Archive | Canadian Politics

A year after Jack Layton’s death, NDP rides high. But for how long?

Posted on 25 August 2012 by admin

By Tobi Cohen

A year after Jack Layton lost his battle with cancer, a white “ghost bike” remains chained to a post outside his formerTorontoconstituency office.

His name emblazoned in NDP orange is still displayed across the brick building, just above a pair of black and yellow “space for rent” signs.

While these remnants of his life will disappear in time, his permanent legacy remains a question.

The federal NDP soared to official Opposition status for the first time in history during the 2011 election, only to see its popular leader die before the fall session of Parliament even started — unleashing an outpouring of support and sympathy for a politician seldom seen in Canada.

As the country marks the one-year anniversary of his death Wednesday [Aug 22], there will be more displays of affection for the former leader as his widow and fellow MP Olivia Chow gather with friends and relatives at Nathan Phillips Square in Toronto for a public memorial.

The anniversary also marks a time for some stock-taking for the party.

The NDP’s year involved: coming to grips with its new role as Official Opposition: teaching its large slate of young and inexperienced MPs the ropes: finding a new leader while trying to maintain party unity; and trying to build a more permanent foothold in a province that had, until now,  rejected it.

With a summer’s rest and Tom Mulcair now firmly at the helm, the party will be put to the test when it returns to the House of Commons next month.  What can Canadians expect from the party in the months and years to come?

The answers are mixed.

While some still attribute the NDP’s 2011 electoral feat toQuebecvoter whimsy, a love for its deceased former leader and a rejection of the Conservatives, Liberals and Bloc Quebecois, others believe a long-term political shift is at play.

“I think we’re in a transition in this country with respect to our choice of political ideals,” Ipsos Reid pollster John Wright said.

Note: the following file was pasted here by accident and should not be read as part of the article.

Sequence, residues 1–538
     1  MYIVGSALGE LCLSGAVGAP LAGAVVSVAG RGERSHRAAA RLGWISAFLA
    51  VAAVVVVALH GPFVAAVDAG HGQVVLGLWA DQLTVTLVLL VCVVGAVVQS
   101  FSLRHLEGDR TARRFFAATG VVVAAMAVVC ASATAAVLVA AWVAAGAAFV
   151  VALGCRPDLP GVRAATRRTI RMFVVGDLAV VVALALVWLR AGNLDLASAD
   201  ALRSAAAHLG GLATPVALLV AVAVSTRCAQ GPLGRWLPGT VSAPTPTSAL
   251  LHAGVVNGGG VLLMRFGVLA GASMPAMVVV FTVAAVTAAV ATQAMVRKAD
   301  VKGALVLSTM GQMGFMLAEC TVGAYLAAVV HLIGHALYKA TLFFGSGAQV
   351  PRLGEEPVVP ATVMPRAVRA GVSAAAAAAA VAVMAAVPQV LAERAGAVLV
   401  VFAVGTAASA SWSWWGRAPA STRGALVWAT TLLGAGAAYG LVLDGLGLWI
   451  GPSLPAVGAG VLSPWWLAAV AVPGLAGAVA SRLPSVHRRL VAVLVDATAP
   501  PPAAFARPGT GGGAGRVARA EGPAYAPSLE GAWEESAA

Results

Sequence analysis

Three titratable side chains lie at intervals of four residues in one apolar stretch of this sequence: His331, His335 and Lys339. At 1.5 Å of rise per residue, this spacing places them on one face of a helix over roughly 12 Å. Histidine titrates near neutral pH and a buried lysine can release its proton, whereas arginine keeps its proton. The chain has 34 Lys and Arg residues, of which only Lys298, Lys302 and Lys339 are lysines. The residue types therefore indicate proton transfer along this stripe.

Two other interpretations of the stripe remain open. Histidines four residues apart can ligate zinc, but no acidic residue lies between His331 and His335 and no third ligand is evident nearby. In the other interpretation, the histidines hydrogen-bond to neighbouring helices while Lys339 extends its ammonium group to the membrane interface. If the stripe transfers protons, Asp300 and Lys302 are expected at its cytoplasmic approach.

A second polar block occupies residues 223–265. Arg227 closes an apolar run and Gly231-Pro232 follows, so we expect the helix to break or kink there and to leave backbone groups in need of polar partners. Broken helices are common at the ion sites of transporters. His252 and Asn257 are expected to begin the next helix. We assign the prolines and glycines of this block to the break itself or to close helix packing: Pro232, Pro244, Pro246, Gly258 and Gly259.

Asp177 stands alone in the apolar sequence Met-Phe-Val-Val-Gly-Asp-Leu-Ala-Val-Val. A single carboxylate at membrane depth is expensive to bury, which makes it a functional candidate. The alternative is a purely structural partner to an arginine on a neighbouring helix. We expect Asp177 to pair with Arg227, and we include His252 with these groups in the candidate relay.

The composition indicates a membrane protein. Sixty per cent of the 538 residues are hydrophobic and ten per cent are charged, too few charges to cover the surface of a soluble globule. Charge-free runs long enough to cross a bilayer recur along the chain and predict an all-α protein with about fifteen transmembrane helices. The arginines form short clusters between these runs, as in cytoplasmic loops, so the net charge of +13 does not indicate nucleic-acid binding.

“This is more than simply a casualrelationship with a group of people who didn’t want to find favour with Conservatives or Liberals … it actually is the beginning of something.”

Wright said the NDP has barely wavered since the election in terms of support inQuebec, where the party holds a record 58 seats and continues to lead federally with 40 per cent of the popular vote – while fellow federalists lag with 24-per-cent support for the Liberals and 18 per cent for the Tories.

In the rest ofCanada, the NDP and Conservatives, he added, continue to poll neck and neck.

“One could argue that the inspiration for the NDP’s sizable turn in the last election had to do with Jack Layton. I think Jack Layton made the NDP a comfortable choice for Quebecers,” he said.

“But his legacy is actually much bigger than that. He gave political strength to a movement in theprovinceofQuebecwhich will last, I think, for a considerably long period of time.”

Quebecpundits aren’t quite as optimistic.

Bruce Hicks, aMontrealpolitical scientist who now teaches atCarletonUniversity, believes Mulcair — a well-known Quebecer and former Liberal cabinet minister in the Charest government — was a good choice for leader if the party is serious about maintaining its hold onQuebec.

That said, the party was seen to have been outshone by Interim Liberal Leader Bob Rae, who could “run circles” around the NDP’s interim choice NycoleTurmel. Hicks said the NDP’s House of Commons performance has improved since Mulcair became leader but that the party’s efforts to present itself as a team rather than a one-man-show have fallen short. So too has the party’s stated goal to be the party of “proposition” not just “opposition,” he argued.

“It tends to always be Mulcair who is dominating the stories, as opposed to the team,” Hicks said.